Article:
Not long after MBTA officials showed off the flashy 40-foot glass walls of the new Government Center station, workers have had to take down and reinstall the panels because of a manufacturer’s defect, according to officials.
The 358 glass panels in the station must be replaced because they were fogging up, a problem caused by faulty sealant. But MBTA officials have promised the setback will not delay the $82 million station’s reopening, slated for next spring.
“The work is proceeding without negatively affecting safety, quality, costs, or the schedule,” Joe Pesaturo, a spokesman for the Massachusetts Bay Transportation Authority, said in an e-mail.
Pesaturo also said the defect will not cost taxpayers more money: The contractor, Barletta Heavy Division, must pay for the extra work. Pesaturo did not have estimates for how much the glass walls cost, saying the issue is between “the general contractor and one of its subcontractors.”
In order to rebuild the station into a more accessible stop for riders with disabilities, officials closed the stop to passengers in March 2014 for two years. Frank DePaola, who took over as the general manager of the MBTA in March, said shutting down the station has expedited the reconstruction.
The project’s setback comes amid skepticism about the agency’s ability to complete large-scale construction projects with few problems. Earlier this year, MBTA officials revealed its recent estimates for the Green Line extension into Somerville and Medford could be off by nearly $1 billion.
The Government Center station opened as Scollay Station more than a century ago, and workers had not done major upgrades to it since the 1960s.
Once the redesigned station is completed, passengers will be able to use two new elevators and rebuilt escalators.
The station will also look dramatically different. Workers are remaking the “head house” of the station, a once-cavernous entrance that matched City Hall plaza’s brick-laden floors. The glass panels for the new station are meant to add natural light to the busy station, which serves the Green and Blue lines.
Engineers say the inside of the station will also be extensively remodeled. Workers will refinish the platforms with colored terrazzo tiles, a far cry from the concrete-and-steel style to which longtime riders had become accustomed.
In late July, DePaola gave The Boston Globe a tour of the construction site and said the station was on track to open on schedule . At the time, engineers for the project touted the new glass walls that had been installed during the summer, saying the glass would give customers a completely different experience.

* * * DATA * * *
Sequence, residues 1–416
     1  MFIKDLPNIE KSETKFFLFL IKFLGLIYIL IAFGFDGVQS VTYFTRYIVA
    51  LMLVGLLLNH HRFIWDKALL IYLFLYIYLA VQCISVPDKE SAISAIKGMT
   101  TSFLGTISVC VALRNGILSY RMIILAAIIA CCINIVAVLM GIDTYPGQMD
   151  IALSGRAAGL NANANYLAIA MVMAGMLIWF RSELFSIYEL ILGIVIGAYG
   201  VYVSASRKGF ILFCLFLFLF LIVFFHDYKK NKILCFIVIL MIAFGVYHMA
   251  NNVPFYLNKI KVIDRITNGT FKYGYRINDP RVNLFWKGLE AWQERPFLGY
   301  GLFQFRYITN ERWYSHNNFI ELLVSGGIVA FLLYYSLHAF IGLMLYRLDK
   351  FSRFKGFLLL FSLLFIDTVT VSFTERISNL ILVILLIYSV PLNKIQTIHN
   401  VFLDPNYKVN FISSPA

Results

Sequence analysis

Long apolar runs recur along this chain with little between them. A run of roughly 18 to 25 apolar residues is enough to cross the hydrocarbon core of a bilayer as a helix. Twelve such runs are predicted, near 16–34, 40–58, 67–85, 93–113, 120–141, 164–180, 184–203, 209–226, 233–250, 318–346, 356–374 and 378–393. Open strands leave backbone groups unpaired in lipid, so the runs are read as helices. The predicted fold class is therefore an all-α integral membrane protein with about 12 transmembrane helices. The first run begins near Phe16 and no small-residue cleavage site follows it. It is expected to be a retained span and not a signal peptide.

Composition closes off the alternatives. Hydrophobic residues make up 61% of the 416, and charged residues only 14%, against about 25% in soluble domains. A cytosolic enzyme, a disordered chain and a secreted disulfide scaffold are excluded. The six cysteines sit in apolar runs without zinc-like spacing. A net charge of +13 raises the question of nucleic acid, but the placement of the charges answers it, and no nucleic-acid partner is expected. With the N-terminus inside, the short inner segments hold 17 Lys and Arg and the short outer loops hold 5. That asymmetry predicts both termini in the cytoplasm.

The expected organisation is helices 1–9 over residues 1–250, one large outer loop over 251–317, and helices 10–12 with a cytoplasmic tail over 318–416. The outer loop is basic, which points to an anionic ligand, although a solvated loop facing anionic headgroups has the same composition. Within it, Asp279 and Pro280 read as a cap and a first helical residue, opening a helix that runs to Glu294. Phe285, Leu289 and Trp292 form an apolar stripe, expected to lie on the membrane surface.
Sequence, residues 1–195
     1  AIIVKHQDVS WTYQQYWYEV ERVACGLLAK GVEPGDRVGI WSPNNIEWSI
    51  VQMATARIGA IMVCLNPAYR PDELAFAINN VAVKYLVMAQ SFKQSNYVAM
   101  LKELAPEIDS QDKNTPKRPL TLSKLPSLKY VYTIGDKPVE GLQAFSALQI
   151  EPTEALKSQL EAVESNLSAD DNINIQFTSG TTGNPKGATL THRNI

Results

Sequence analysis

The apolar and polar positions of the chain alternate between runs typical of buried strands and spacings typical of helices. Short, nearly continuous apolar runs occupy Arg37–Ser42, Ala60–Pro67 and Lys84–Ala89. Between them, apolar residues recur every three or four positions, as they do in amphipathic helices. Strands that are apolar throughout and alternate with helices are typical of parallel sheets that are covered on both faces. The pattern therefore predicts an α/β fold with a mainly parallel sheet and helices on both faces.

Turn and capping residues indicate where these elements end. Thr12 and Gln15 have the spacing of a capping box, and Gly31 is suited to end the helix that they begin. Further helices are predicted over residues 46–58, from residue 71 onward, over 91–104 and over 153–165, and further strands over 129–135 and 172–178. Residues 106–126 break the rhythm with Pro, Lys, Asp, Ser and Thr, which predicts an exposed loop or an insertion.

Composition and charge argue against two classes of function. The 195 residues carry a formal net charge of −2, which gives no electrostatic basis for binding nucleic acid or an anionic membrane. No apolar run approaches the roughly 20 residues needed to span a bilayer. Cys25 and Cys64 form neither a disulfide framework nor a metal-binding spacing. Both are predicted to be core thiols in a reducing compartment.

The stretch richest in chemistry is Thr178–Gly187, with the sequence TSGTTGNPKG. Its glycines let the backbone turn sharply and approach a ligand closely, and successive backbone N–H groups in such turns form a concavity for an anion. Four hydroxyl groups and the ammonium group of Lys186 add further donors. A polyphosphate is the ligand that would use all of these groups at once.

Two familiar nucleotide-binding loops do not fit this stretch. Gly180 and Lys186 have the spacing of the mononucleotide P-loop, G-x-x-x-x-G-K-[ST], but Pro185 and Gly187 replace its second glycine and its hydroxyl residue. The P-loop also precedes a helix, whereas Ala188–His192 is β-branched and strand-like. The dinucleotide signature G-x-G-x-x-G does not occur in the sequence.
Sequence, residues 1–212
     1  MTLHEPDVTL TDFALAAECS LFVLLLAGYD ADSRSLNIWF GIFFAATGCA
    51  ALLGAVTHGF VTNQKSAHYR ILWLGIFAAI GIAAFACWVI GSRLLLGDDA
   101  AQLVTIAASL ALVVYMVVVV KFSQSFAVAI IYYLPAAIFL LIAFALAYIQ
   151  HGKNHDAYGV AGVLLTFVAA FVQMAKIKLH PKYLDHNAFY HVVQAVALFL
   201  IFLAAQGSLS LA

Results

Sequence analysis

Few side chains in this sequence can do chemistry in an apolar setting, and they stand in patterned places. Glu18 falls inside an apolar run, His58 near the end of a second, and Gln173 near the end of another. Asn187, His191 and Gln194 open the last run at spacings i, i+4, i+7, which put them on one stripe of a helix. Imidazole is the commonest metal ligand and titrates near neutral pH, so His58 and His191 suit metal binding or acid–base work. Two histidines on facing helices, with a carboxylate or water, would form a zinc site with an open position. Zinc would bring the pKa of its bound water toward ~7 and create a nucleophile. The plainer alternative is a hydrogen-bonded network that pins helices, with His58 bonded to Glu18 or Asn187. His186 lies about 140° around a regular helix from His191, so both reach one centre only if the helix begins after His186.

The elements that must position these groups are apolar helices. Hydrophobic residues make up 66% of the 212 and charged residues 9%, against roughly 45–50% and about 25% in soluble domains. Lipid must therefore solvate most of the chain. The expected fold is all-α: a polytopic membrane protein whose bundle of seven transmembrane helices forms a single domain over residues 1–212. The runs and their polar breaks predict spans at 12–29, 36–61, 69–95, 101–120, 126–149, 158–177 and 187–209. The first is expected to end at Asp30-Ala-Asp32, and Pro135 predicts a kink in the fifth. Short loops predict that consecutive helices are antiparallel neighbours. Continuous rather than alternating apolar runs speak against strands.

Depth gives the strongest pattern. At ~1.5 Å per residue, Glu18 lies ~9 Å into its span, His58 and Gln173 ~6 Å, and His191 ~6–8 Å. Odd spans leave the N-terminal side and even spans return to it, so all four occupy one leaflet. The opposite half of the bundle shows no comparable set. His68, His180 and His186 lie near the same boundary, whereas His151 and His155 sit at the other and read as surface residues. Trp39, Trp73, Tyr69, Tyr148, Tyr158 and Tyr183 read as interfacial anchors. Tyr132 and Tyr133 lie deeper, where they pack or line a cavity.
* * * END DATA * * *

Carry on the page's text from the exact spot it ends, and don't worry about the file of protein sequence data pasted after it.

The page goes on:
But earlier that month, the MBTA project office and the general contractor had begun investigating how the sealant between the two panes of the glass panels was failing, according to Pesaturo.
The following month, DePaola told the state transportation board they believed a defect from the glass manufacturer had led to fogging in the panels. He made the disclosure on the same day that MBTA officials revealed the Green Line extension could cost $1 billion more than expected.
Workers began removing the panels in early September and sent them back to the manufacturer, the California-based Innovative Structural Glass, according to Pesaturo. The company had to strip the panels of their sealant materials and reassemble the windows before workers could reinstall them.
More than half of the glass panels have been re-installed, according to Pesaturo. The entire re-installation should be done by the second week of December.
To ensure the station will open on time, Pesaturo said, workers are fixing the panels while going forward with other construction.
Some close watchers of the MBTA aren’t particularly worried by the setback. Paul Regan, executive director of the MBTA Advisory Board, said the window problems appear to stem from a case of bad luck.
Regan said this construction problem differed from other MBTA projects that have run into very public and extensive delays. He mentioned problems with the long-awaited Green Line extension, the Hyundai Rotem commuter rail coaches that were delivered late and riddled with problems, and the commuter rail locomotives that were sidelined as soon as they arrived.
“Unlike the train cars that were late by a year, unlike the locomotives that had to go through extensive testing, this is almost like an ‘off-the-shelf’ thing,” Regan said. “They just got a bad batch of windows.”Nicole Dungca can be reached at firstname.lastname@example.org. Follow her on Twitter @ndungca.